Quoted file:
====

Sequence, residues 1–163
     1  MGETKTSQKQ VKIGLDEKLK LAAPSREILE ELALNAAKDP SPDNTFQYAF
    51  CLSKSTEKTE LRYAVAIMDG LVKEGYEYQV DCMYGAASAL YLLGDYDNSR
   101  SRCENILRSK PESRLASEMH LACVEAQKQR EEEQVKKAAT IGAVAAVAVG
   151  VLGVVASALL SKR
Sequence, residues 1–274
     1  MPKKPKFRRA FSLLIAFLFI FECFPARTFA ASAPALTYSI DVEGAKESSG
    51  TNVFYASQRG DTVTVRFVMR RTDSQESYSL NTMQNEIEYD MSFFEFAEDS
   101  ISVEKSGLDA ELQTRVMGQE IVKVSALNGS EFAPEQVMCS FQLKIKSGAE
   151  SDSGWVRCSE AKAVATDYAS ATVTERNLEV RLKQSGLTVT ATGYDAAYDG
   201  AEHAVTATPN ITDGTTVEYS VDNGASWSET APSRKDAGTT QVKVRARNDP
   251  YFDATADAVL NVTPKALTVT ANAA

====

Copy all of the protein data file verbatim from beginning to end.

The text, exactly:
Sequence, residues 1–163
     1  MGETKTSQKQ VKIGLDEKLK LAAPSREILE ELALNAAKDP SPDNTFQYAF
    51  CLSKSTEKTE LRYAVAIMDG LVKEGYEYQV DCMYGAASAL YLLGDYDNSR
   101  SRCENILRSK PESRLASEMH LACVEAQKQR EEEQVKKAAT IGAVAAVAVG
   151  VLGVVASALL SKR
Sequence, residues 1–274
     1  MPKKPKFRRA FSLLIAFLFI FECFPARTFA ASAPALTYSI DVEGAKESSG
    51  TNVFYASQRG DTVTVRFVMR RTDSQESYSL NTMQNEIEYD MSFFEFAEDS
   101  ISVEKSGLDA ELQTRVMGQE IVKVSALNGS EFAPEQVMCS FQLKIKSGAE
   151  SDSGWVRCSE AKAVATDYAS ATVTERNLEV RLKQSGLTVT ATGYDAAYDG
   201  AEHAVTATPN ITDGTTVEYS VDNGASWSET APSRKDAGTT QVKVRARNDP
   251  YFDATADAVL NVTPKALTVT ANAA